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Celebrate Earth Day and Alaska’s local environmental professionals – champions of community health

April 21, 2017

If you live in rural Alaska and you need medical attention, you go to the clinic and see a community health aide. But if your local environment needs attention, you will want to see a local environmental professional. Across our state, you can find them working in Tribal and city government offices, identified by a variety of titles: environment manager, water plant or solid waste operator, IGAP or Brownfields coordinator. Although they have different titles and different jobs, they all share a common role – to evaluate the health of the air, water, land and food that we depend on to keep our communities healthy.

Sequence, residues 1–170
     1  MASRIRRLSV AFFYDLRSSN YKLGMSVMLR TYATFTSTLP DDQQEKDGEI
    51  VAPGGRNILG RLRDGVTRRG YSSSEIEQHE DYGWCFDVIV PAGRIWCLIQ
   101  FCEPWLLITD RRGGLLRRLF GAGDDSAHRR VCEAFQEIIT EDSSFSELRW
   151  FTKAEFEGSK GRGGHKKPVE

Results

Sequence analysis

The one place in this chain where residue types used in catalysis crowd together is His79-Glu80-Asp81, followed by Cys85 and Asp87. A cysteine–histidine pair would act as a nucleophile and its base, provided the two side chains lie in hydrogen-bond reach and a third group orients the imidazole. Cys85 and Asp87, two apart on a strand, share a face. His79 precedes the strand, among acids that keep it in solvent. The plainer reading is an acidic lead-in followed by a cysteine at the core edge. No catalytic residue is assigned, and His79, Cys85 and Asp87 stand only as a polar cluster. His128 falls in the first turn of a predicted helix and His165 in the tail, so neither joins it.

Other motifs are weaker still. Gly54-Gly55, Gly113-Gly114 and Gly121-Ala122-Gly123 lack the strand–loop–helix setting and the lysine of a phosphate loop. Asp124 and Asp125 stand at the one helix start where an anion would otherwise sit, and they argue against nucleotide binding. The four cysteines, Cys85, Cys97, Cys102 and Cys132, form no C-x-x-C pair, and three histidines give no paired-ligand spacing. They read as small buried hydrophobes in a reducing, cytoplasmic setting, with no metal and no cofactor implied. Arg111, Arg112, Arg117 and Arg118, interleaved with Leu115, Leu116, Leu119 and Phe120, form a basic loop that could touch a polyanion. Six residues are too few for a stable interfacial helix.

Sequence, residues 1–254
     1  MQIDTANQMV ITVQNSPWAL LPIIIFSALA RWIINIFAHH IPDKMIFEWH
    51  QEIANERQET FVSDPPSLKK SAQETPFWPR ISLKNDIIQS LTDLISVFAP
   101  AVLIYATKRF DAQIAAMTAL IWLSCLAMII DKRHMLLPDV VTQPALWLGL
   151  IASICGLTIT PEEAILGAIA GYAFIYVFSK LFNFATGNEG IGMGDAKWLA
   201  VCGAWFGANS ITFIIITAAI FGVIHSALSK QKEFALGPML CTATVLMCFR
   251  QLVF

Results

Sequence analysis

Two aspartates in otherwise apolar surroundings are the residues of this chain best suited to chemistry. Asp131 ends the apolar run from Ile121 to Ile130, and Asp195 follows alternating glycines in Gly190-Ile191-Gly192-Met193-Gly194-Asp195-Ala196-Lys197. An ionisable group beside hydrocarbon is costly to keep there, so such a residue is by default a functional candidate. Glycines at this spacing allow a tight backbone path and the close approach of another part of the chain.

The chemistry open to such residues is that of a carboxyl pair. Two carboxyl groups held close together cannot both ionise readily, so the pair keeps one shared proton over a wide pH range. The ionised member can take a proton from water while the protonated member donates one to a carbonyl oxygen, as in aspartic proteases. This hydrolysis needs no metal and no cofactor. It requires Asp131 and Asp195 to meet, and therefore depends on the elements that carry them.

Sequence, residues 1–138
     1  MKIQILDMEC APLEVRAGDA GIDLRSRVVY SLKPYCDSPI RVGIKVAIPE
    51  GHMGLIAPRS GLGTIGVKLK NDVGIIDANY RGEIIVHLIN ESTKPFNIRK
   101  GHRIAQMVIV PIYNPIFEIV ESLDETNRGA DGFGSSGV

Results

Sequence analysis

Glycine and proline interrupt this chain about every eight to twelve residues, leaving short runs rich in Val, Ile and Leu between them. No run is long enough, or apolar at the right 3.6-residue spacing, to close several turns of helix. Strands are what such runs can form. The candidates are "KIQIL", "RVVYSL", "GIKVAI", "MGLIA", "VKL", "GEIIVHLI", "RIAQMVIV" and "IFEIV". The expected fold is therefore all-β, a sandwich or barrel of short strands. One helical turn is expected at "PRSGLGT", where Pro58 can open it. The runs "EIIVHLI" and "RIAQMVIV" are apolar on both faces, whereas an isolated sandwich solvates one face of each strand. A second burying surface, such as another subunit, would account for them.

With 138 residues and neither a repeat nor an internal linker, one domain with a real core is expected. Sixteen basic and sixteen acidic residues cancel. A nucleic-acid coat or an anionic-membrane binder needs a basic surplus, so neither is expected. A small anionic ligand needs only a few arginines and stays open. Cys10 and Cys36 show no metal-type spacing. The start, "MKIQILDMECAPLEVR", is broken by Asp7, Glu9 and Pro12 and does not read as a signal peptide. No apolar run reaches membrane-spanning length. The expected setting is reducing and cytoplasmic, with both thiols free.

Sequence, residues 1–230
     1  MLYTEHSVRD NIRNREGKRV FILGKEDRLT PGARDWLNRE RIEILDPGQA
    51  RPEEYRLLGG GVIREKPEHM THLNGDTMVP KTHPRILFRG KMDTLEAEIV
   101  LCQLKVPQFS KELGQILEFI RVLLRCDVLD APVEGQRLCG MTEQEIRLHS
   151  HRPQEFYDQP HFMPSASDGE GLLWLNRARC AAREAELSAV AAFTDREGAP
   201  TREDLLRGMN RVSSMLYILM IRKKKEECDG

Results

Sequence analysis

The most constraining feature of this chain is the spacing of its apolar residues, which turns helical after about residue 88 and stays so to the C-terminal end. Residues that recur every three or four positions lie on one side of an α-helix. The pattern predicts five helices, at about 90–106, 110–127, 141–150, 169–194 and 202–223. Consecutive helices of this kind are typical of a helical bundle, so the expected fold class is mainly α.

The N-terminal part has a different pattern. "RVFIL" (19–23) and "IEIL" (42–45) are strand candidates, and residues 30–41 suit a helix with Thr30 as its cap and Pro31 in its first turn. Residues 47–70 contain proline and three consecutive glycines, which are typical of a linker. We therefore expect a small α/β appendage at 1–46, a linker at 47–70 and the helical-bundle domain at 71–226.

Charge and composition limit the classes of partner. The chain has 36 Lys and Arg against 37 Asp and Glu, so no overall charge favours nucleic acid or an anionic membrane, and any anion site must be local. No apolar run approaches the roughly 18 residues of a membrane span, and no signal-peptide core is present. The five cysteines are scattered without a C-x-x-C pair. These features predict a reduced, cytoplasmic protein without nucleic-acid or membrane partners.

This is a tough and important job. Tough because of the many challenges in maintaining public services in small rural communities. Important because everyone’s health is affected by the quality of the environment. Many environmental workers keep basic services running each day, such as having a regular flow of clean water into our homes or washeterias, and on-going collection and disposal of waste. These community health services protect us from higher incidents of illness including skin, lung and stomach infections.

Local environmental workers also investigate and respond to a wide range of other events: debris washing up on the beach, storm erosion, air quality concerns from volcanic ash and cleanup of old military and industrial sites. They are also active in monitoring emerging challenges brought about by a rapidly changing climate: the die-off of marine birds, higher levels of toxic algae in shellfish and poorer water quality in salmon streams.

On Earth Day, April 22, ANTHC recognizes the important work of local environmental professionals across Alaska. We know that their efforts are critical in keeping our communities clean and the people of Alaska healthy.

For more information about our work in community and environmental health, visit

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